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Comcast: PEG Migration Legal And In Public Interest

Comcast says its migration of PEG channels to digital is part of the company's larger transition of all its channels  and that its move of PEG channels to a digital tier in Michigan is both legal and in the public interest.

The operator's made its comments late Friday to the Federal Communications Commission, which various groups have asked to provide a declaratory ruling that, among other things, Comcast should not be allowed to move the PEG channels off of the analog basic, when it is not moving other channels.

Comcast argues that the petition sought preferential treatment for the channels that would prevent operators from reclaiming bandwidth for new vdieo services, more on-demand and more high-def programming, as well as more diverse fare and faster Internet access. Those last two are priorities of the new Obama administration.

Comcast avers that it must make the digital switch ASAP since competitors DirecTV, Dish, FiOS and U-Verse are already all digital.

Rather than trying to accord PEG channels second-class status, Comcast says it has proposed to move the channels from "random and scattered" analog locations to a "neighborhood" of consecutive, technically superior digitized basic channels, and make that consistent statewide.

Michigan petitioners opposed to that digital move state that Comcast was "discriminating against PEG content, by forcing the content to be offered through a different interface and by creating additional hurdles or costs for those who wish to view the content [like having to geta digital converter box], and by taking steps that will reduce the viewership of the content."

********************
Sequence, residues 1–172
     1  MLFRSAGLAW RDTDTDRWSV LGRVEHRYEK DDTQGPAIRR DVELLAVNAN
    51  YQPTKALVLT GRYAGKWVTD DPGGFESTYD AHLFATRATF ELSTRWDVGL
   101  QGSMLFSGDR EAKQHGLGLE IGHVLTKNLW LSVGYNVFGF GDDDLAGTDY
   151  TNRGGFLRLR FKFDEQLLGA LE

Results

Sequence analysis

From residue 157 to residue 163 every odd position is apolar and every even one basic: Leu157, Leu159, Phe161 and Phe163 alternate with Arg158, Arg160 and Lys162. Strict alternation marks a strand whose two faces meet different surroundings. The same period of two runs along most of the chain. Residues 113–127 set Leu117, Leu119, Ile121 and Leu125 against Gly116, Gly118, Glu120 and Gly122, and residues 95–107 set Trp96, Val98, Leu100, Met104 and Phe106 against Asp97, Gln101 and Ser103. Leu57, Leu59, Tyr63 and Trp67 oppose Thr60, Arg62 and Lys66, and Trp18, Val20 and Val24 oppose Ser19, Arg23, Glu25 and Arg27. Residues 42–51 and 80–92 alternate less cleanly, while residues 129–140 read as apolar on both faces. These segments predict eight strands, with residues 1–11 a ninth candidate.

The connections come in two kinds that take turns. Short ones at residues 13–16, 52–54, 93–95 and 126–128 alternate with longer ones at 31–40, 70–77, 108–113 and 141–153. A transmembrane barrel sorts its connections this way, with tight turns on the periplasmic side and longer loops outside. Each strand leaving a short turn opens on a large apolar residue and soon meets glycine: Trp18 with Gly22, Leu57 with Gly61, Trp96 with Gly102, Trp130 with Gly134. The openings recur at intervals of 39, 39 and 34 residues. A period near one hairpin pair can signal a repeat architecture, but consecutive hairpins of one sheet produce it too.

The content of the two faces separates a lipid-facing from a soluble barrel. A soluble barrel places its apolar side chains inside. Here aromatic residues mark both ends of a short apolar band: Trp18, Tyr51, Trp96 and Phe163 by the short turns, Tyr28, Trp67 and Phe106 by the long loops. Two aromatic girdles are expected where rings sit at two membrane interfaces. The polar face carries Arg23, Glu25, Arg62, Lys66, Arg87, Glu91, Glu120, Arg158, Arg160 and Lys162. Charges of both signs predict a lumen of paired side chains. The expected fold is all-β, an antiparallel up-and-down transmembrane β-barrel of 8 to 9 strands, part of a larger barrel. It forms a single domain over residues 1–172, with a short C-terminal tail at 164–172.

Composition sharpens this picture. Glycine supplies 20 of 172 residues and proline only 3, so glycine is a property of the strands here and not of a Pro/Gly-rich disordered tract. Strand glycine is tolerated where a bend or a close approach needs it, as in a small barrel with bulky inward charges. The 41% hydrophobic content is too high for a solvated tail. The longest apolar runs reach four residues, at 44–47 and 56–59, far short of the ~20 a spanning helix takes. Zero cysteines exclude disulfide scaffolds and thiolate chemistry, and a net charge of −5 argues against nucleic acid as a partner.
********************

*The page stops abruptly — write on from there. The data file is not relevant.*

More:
Comcast frames the PEG move as digitizing the basic tier, while its opponents contend that such a move would effectively take them out of the basic tier by placing the PEG content "behind unusual and inconvenient interfaces that distinguish them from commercial channels, and because they create hurdles to view PEG content above and
beyond viewing commercial channels," as Free Press said in comments supporting the petition.

But Comcast believes that the law does not limit the format in which the channels can be carried in basic or what equipment may be necessary to view it, and, in fact, specifically acknowledes that that equipment might include converter boxes.

Comcast also points out that Michigan passed video franchise reform legislation giving cable operators more flexibility over the location of PEG channels.

While Comcast asks the FCC to deny the petition to the extent that it would prevent the company from digitizing the PEG channels, it takes no position on the petition's other request relating to whether AT&T's U-Verse discriminates against PEG channels in its method of delivery.